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  • Operating system information** OS (kernel) version
    • Installed modules lists and their information
    • List of running tasks in the system
  • Memory information of the Java process** Java heap memory dump
    • Histogram of the heap
    • Objects waiting for finalization
    • Java heap summary. GC algo used, etc.
    • Statistics on permgen space of Java heap
  • Information about the running Carbon instance** Product name and version
    • Carbon framework version (This includes the patched version)
    • configuration files
    • log files
    • H2 database files
  • Thread dump
  • Checksum values of all the files found in the $CARBON_HOME

Viewing process threads in Solaris


This information is useful to know in situations when the database processes are not fully utilizing the CPU's threading capabilities. It gives you a better understanding on how 11g and 10g takes advantage of threading and how you can validate those queries from the system.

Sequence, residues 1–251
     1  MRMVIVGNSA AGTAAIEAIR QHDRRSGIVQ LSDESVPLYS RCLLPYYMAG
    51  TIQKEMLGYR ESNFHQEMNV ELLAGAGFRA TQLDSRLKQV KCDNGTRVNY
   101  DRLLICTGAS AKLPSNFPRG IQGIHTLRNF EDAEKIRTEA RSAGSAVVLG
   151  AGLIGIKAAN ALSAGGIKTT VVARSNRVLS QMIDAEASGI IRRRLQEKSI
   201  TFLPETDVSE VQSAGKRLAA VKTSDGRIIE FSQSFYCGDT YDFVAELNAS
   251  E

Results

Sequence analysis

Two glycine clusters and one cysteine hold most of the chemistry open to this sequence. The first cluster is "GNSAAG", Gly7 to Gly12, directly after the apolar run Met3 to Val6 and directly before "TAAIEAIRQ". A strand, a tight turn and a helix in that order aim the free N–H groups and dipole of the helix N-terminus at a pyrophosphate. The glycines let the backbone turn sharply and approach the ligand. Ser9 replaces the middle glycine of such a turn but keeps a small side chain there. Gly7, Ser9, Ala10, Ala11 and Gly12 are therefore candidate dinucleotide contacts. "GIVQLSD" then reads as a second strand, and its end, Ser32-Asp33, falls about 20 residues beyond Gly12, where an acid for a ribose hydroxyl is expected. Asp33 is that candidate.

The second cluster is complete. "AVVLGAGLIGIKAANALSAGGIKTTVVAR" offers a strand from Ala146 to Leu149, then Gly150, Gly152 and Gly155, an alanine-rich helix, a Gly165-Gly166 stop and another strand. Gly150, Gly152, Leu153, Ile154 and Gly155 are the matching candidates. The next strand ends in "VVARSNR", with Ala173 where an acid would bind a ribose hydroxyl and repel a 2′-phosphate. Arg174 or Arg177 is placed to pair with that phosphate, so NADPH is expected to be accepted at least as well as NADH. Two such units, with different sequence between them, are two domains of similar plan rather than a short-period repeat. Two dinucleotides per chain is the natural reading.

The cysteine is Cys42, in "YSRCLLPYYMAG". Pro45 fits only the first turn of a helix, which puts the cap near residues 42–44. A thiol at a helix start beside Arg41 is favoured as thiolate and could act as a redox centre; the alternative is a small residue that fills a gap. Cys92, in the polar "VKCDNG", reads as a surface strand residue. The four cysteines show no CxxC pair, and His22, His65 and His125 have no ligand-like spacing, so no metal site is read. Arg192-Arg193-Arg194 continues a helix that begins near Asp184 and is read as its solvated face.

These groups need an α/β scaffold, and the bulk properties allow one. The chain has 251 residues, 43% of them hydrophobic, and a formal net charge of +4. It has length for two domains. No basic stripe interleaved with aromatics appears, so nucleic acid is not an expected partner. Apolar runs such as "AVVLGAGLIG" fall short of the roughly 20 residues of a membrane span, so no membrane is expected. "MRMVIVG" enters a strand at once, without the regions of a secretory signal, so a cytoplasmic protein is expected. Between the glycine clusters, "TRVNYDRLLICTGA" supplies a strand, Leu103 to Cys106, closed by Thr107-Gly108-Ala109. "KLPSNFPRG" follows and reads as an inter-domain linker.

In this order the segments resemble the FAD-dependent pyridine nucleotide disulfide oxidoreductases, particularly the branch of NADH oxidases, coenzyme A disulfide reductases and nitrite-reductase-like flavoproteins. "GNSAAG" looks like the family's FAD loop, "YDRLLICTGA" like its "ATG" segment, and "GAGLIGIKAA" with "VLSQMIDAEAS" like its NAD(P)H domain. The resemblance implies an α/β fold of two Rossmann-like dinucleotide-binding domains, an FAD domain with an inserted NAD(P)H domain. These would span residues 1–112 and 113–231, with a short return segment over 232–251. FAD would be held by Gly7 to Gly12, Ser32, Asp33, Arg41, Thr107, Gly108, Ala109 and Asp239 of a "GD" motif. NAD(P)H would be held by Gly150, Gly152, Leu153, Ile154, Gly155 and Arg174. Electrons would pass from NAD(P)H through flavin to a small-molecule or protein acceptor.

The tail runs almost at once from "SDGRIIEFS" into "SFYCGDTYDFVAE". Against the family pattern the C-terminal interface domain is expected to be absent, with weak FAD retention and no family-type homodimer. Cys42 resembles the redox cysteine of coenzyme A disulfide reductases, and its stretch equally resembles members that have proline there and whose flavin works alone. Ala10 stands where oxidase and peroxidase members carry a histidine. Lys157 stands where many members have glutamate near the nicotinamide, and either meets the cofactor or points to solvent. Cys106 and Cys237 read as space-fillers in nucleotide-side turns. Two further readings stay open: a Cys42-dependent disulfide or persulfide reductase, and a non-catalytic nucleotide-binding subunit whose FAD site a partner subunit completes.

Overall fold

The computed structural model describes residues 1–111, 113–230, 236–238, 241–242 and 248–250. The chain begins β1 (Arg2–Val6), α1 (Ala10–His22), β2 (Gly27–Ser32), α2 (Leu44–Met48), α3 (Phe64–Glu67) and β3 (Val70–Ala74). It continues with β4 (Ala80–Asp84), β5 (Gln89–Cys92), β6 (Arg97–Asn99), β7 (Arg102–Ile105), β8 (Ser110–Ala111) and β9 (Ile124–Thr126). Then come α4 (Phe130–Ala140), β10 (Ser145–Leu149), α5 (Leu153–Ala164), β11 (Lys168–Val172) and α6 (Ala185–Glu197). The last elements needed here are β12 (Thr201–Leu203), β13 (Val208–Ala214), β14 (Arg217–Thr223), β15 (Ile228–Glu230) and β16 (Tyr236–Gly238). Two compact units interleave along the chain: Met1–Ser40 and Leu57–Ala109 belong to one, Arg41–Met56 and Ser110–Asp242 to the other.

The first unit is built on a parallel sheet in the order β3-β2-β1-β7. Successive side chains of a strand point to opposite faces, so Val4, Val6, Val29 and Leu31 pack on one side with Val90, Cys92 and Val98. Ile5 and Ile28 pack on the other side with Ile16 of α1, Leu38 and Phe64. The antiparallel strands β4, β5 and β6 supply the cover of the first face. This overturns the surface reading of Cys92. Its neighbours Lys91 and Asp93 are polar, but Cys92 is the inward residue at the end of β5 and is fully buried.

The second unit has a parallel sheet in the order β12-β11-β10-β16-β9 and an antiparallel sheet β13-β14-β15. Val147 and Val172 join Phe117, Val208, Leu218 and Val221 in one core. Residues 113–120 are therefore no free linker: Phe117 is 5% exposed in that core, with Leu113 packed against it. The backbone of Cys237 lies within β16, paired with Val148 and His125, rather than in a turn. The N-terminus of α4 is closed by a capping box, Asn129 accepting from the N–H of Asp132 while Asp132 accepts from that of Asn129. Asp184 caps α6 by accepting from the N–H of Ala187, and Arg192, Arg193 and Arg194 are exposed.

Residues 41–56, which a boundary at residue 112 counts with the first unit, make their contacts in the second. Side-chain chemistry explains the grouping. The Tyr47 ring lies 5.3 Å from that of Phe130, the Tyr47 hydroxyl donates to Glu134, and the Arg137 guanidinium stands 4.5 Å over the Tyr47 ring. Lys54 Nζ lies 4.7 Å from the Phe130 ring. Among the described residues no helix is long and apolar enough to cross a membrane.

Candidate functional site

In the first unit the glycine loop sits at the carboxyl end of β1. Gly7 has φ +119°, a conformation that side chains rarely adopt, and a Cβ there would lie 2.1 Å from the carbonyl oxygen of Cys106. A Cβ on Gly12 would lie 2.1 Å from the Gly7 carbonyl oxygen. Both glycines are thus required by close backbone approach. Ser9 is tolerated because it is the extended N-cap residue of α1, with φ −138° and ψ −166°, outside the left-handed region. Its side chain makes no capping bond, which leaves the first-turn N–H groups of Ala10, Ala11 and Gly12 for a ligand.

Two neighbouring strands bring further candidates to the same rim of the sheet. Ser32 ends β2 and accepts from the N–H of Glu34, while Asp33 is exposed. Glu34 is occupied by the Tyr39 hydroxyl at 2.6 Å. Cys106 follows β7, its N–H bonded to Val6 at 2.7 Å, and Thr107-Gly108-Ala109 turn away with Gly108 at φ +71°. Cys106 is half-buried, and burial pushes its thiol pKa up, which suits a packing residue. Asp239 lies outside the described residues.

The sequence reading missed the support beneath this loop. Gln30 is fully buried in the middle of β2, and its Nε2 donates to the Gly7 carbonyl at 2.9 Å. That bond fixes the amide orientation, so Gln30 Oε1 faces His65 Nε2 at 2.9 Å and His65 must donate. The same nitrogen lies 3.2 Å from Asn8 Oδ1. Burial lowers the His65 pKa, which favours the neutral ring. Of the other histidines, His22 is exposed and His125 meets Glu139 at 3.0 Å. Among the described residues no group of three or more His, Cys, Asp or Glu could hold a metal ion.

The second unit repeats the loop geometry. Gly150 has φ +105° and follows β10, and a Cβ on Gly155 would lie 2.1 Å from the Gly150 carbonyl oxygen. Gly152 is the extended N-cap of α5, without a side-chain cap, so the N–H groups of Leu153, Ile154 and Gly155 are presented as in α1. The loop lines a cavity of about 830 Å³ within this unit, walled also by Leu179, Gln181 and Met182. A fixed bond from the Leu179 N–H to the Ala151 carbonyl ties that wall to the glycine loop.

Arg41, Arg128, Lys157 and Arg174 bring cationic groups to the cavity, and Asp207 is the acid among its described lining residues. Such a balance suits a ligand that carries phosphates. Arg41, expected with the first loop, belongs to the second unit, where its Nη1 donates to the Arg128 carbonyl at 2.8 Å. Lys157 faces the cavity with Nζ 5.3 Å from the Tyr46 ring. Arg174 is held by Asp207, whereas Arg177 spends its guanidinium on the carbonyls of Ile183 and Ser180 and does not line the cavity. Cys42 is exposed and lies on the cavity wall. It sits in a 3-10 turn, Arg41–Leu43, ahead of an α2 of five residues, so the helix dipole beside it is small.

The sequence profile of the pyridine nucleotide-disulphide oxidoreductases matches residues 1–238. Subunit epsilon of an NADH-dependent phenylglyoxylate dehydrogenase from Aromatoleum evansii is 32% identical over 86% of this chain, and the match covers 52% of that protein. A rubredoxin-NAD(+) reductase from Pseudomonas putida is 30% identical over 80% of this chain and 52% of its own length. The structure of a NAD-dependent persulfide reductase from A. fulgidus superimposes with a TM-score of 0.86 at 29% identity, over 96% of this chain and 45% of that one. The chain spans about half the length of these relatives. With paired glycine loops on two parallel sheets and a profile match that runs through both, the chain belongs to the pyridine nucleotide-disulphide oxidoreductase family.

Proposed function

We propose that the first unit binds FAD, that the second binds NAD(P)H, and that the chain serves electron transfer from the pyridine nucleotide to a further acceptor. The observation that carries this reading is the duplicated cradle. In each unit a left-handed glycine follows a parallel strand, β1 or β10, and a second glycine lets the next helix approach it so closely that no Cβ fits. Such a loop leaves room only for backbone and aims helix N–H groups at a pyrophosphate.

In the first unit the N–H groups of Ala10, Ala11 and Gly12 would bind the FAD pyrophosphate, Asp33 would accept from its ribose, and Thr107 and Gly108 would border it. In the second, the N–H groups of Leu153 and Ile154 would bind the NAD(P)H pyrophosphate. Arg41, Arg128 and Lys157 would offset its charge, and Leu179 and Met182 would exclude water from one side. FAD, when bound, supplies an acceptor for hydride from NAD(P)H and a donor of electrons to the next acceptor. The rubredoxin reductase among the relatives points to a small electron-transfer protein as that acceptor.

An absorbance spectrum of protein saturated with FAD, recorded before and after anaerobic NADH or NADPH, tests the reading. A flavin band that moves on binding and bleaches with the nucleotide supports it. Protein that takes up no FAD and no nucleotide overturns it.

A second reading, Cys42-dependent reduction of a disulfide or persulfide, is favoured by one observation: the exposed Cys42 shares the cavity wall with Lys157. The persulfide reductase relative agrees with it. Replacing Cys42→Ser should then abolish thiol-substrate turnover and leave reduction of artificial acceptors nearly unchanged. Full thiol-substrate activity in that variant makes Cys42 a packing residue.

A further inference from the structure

The following information provides insight on whether a Solaris process is parallelized and is taking advantage of the threading within the CPU.


  1. Open a command line in Solaris.
  2. Run prstat and have a look to the last column, labeled PROCESS/NLWPNLWP is a reference to the number of lightweight processes and are the number of threads the process is currently using with Solaris as there is a one-to-one mapping between lightweight processes and user threads. A single thread process will show 1 there while a multi-threaded one will show a larger number. See the following code block for an example.

    Code Block
    12905 root     4472K 3640K cpu0    59    0   0:00:01 0.4% prstat/1
    18403 monitor   474M  245M run     59   17   1:01:28 9.1% java/103
     4102 oracle     12G   12G run     59    0   0:00:12 4.5% oracle/1

    If you observe the PROCESS/NLWP value in the example above, you can identify that prstat and oracle are single thread processes, while java is a multi-threaded process.

  3. Alternatively, you can analyze individual thread activity of a multi-threaded process by using the -L and -p options, like prstat -L -p pidThis displays a line for each thread sorted by CPU activity. In that case, the last column is labeled PROCESS/LWPID, where LWPID is the thread ID. If more than one thread shows significant activity, your process is actively taking advantage of multi-threading.